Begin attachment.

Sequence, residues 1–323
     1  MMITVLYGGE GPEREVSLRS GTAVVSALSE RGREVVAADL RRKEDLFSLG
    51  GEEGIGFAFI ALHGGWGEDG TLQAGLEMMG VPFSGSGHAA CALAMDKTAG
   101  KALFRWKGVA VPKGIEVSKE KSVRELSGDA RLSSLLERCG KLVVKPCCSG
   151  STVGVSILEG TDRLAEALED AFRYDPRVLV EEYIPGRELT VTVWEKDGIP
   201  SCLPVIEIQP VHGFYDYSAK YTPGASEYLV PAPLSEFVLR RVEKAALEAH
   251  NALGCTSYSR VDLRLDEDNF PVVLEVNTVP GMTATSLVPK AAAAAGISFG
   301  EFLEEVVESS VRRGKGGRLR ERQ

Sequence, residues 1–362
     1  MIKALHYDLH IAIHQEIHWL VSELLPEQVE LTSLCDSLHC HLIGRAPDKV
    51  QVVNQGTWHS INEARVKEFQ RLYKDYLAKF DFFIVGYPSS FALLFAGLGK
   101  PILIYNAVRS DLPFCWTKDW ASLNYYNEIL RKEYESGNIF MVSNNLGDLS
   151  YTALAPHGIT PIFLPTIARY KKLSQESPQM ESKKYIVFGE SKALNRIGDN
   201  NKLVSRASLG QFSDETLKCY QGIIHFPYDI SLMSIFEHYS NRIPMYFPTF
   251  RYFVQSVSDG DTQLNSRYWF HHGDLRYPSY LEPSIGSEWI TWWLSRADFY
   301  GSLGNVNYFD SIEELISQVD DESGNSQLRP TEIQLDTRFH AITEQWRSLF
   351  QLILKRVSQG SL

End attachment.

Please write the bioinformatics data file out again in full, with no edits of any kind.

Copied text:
Sequence, residues 1–323
     1  MMITVLYGGE GPEREVSLRS GTAVVSALSE RGREVVAADL RRKEDLFSLG
    51  GEEGIGFAFI ALHGGWGEDG TLQAGLEMMG VPFSGSGHAA CALAMDKTAG
   101  KALFRWKGVA VPKGIEVSKE KSVRELSGDA RLSSLLERCG KLVVKPCCSG
   151  STVGVSILEG TDRLAEALED AFRYDPRVLV EEYIPGRELT VTVWEKDGIP
   201  SCLPVIEIQP VHGFYDYSAK YTPGASEYLV PAPLSEFVLR RVEKAALEAH
   251  NALGCTSYSR VDLRLDEDNF PVVLEVNTVP GMTATSLVPK AAAAAGISFG
   301  EFLEEVVESS VRRGKGGRLR ERQ

Sequence, residues 1–362
     1  MIKALHYDLH IAIHQEIHWL VSELLPEQVE LTSLCDSLHC HLIGRAPDKV
    51  QVVNQGTWHS INEARVKEFQ RLYKDYLAKF DFFIVGYPSS FALLFAGLGK
   101  PILIYNAVRS DLPFCWTKDW ASLNYYNEIL RKEYESGNIF MVSNNLGDLS
   151  YTALAPHGIT PIFLPTIARY KKLSQESPQM ESKKYIVFGE SKALNRIGDN
   201  NKLVSRASLG QFSDETLKCY QGIIHFPYDI SLMSIFEHYS NRIPMYFPTF
   251  RYFVQSVSDG DTQLNSRYWF HHGDLRYPSY LEPSIGSEWI TWWLSRADFY
   301  GSLGNVNYFD SIEELISQVD DESGNSQLRP TEIQLDTRFH AITEQWRSLF
   351  QLILKRVSQG SL